The Senate Finance Committee on Finance is reviewing the Mortgage Forgiveness Debt Relief Act, designed to spare underwater homeowners from being taxed if their lender reduces principal or they sell their home through a short sale.
If reinstated, it will continue to make “many loss mitigation efforts more successful,” wrote William Killmer, the MBA’s senior vice president for legislative and political affairs, in a letter sent to the Senate Committee on Finance chairman Ron Wyden and ranking member Orrin Hatch. But if Congress fails to act, “struggling homeowners who accept short sales and many loan modification offers will be faced with a substantial tax assessment.”
The MBA supports extending the tax deduction for mortgage insurance premiums, which can save borrowers $600 to $1,000 annually for a $200,000 home and benefit “homeowners who cannot afford a 20% or greater downpayment.”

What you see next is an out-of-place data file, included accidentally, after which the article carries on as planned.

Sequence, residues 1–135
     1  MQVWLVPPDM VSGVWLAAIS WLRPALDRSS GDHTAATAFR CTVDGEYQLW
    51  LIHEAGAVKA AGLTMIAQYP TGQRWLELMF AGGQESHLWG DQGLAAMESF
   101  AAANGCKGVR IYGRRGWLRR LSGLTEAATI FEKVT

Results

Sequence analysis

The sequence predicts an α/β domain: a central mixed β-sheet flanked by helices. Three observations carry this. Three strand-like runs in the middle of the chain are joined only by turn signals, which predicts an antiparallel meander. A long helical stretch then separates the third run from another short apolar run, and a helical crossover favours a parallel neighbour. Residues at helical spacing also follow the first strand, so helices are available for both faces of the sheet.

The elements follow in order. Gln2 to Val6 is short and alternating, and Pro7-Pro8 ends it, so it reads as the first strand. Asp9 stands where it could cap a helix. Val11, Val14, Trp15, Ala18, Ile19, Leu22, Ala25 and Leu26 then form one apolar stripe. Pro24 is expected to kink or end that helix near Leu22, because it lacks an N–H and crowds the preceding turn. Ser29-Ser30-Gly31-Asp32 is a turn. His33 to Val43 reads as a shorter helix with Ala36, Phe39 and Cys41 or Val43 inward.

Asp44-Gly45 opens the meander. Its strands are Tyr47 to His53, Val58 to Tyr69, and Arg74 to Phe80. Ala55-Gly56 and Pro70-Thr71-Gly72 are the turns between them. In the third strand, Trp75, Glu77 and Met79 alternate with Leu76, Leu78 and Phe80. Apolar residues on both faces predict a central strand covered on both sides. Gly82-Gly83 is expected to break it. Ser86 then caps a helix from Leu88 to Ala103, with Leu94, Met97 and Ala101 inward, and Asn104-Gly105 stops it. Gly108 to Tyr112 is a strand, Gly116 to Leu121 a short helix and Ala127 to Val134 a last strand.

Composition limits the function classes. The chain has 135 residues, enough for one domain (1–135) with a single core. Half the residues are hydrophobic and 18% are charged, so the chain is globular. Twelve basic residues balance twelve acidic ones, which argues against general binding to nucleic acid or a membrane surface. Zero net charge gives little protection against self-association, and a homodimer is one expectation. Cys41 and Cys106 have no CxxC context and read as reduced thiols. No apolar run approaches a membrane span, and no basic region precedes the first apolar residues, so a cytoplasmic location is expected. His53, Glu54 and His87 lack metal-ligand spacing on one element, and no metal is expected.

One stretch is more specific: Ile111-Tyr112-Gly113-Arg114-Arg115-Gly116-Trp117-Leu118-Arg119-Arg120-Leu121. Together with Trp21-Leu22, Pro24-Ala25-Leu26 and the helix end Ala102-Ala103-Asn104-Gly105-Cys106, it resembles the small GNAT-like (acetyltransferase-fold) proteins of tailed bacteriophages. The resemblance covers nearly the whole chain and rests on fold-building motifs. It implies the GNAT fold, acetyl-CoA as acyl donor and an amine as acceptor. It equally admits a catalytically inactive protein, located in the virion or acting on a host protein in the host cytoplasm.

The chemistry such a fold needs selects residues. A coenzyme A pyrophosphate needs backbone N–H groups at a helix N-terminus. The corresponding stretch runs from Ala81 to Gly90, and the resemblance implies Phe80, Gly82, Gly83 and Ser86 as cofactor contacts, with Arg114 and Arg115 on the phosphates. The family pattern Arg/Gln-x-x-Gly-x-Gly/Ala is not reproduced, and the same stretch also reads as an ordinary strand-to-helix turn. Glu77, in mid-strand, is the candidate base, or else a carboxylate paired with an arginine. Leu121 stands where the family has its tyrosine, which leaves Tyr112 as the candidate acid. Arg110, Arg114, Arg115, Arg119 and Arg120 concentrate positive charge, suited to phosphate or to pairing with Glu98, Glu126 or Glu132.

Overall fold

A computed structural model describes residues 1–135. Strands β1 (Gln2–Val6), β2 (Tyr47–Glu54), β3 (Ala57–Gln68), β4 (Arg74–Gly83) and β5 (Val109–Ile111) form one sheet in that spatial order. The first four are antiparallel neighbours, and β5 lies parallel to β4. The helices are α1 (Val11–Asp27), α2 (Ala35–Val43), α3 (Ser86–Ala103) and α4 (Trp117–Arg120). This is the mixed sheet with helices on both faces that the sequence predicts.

Another critical provision of the EXPIRE Act, according to the MBA, is the option to maintain a fixed interest rate for affordable housing projects financed with the Low Income Housing Tax Credit. If Congress does not act to pass the EXPIRE Act and a variable interest rate is required on LIHTC projects, the MBA warns, such change “will likely make it more difficult for projects to secure necessary financing and could cause a slowdown in production of future affordable housing projects.”